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1. (WO2019067903) ESTIMATION DE POSTURE DE TÊTE À PARTIR D'UNE RÉGION LOCALE DES YEUX
Note: Texte fondé sur des processus automatiques de reconnaissance optique de caractères. Seule la version PDF a une valeur juridique

HEAD POSE ESTIMATION FROM LOCAL EYE REGION

CROSS-REFERENCES TO RELATED APPLICATIONS

[0001] This application claims the benefit of U.S. Patent Application No. 62/566,099, filed September 29, 2017, the entire disclosure of which is incorporated by reference herein for all purposes.

BACKGROUND

[0002] Eye tracking systems have made it possible to interact with a computing device using gaze information (e.g., the location on a display where a user is looking). This information can be used for interaction solely, or in combination with contact-based interaction techniques. An example eye tracking system may include a sensor, an illumination device, and a computing device. In practice, the illumination device illuminates a user's eye, the sensor obtains a high resolution image with an exposure of a windowed sub region of the user's eye (e.g., a region of interest), and the processor uses the high resolution image to determine the gaze information.

[0003] Head tracking systems have also made it possible to interact with a computing device using head pose information (e.g., a position and orientation of a user's head with respect to some frame of reference). For example, using the head pose information the user can control actions of a video game character, turn pages in a book, and interact with the computing device in other ways. An example head tracking system may include a sensor (e.g., a global shutter sensor), an illumination device, and a computing device. In practice, the illumination device illuminates the user's head including generic large features of the head (e.g., eyes, ears, nose, mouth, etc.), the sensor obtains a low resolution image of the user's head, and the processor uses the low resolution image corresponding to the large features of the head to determine the head pose information.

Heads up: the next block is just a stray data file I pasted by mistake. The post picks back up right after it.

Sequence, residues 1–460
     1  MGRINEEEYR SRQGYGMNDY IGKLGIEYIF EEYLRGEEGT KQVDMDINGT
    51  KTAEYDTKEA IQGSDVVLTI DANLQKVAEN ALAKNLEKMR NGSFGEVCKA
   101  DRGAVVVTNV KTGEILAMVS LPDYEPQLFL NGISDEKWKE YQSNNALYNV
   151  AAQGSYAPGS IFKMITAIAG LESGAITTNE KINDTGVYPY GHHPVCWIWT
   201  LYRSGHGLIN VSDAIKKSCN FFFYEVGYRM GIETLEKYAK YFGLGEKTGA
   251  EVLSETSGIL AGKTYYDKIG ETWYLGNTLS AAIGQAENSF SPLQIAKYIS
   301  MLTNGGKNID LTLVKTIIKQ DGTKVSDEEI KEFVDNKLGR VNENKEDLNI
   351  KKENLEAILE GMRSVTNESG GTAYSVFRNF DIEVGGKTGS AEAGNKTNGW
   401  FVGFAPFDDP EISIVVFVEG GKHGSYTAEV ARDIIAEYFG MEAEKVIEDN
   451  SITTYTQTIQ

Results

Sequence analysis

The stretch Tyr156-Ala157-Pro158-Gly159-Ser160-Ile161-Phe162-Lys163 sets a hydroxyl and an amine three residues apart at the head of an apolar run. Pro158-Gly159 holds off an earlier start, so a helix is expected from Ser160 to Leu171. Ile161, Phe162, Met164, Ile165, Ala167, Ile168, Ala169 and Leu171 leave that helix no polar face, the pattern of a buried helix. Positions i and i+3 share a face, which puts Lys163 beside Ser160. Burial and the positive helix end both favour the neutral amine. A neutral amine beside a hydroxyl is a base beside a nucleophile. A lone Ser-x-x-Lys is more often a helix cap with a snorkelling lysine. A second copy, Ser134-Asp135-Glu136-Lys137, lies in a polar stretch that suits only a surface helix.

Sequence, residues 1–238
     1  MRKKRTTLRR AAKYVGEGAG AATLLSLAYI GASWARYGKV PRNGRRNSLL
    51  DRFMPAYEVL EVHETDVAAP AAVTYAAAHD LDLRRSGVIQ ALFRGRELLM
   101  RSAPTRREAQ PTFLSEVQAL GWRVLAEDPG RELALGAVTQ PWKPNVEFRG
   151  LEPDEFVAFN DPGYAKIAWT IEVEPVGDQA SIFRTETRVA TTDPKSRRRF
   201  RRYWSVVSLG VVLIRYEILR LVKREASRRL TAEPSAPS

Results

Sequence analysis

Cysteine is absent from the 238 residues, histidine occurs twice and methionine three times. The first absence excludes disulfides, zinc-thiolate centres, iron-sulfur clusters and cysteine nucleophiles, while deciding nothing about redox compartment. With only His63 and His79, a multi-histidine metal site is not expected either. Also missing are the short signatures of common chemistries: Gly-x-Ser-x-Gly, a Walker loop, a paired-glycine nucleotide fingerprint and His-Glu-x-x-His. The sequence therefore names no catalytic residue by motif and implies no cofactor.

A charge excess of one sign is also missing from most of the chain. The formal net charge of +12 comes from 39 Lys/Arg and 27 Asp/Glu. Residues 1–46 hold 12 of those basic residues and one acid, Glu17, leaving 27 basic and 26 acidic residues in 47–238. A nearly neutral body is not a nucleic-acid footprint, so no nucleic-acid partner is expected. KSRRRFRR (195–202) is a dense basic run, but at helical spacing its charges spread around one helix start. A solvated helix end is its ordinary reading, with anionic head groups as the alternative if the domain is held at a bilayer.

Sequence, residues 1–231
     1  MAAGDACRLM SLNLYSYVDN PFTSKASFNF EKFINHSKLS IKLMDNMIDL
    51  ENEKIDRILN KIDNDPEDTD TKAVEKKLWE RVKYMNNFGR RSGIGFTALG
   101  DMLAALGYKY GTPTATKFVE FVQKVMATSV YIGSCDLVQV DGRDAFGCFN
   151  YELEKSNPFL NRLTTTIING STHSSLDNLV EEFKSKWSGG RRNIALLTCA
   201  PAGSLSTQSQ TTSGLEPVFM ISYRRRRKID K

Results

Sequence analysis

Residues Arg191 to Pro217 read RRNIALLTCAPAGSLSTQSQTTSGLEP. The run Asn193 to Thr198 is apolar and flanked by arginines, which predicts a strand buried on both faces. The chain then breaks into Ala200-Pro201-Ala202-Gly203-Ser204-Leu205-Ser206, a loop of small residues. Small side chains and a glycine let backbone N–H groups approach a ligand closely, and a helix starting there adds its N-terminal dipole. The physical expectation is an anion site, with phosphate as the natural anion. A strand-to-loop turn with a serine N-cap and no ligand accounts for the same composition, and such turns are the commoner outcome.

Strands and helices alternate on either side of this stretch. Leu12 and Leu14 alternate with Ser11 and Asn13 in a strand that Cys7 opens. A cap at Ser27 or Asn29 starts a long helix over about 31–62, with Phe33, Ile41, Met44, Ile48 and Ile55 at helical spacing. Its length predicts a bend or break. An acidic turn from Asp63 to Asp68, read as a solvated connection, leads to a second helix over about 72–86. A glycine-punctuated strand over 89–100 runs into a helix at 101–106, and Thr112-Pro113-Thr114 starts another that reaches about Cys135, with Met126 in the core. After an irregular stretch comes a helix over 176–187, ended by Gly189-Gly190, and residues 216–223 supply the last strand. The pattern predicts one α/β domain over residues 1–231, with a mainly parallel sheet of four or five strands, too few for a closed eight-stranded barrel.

[0004] Attempts at achieving the function of these two systems in one device have proved challenging. For example, in a single sensor system including a rolling shutter sensor, sacrifices in sensor frame rate may be required to obtain image data within a given time frame, with one being a higher resolution sub window image for eye tracking and the other being a sub sampled lower resolution image for head tracking. In a multi-sensor system (e.g., a global sensor and a shutter sensor), coordination and timing of image capture still proves challenging, with an undesirably increase in power consumption, processing resource consumption, and overall cost.

SUMMARY

[0005] A system of one or more computers can be configured to perform particular operations or actions by virtue of having software, firmware, hardware, or a combination of them installed on the system that in operation causes or cause the system to perform the actions. One or more

computer programs can be configured to perform particular operations or actions by virtue of including instructions that, when executed by data processing apparatus, cause the apparatus to perform the actions. One general aspect includes a sensor device, including: an image sensor. The sensor device also includes a memory configured to store computer-executable instructions; and a processor in communication with the memory and configured to execute the computer-executable instructions to at least access gaze information corresponding to at least one user eye, determine that the at least one user eye is in a gaze state based at least in part on the gaze information, in response determining that the at least one eye is in the gaze state, access image data from the image sensor, the image data corresponding to an eye region that includes the at least one eye in the gaze state. The processor is also configured to determine head pose information based at least in part on the image data corresponding to the eye region, the head pose information defining at least a position of a user head and an orientation of the user head. Other examples of this aspect include corresponding computer systems, apparatus, and computer programs recorded on one or more computer storage devices, each configured to perform the actions of the methods.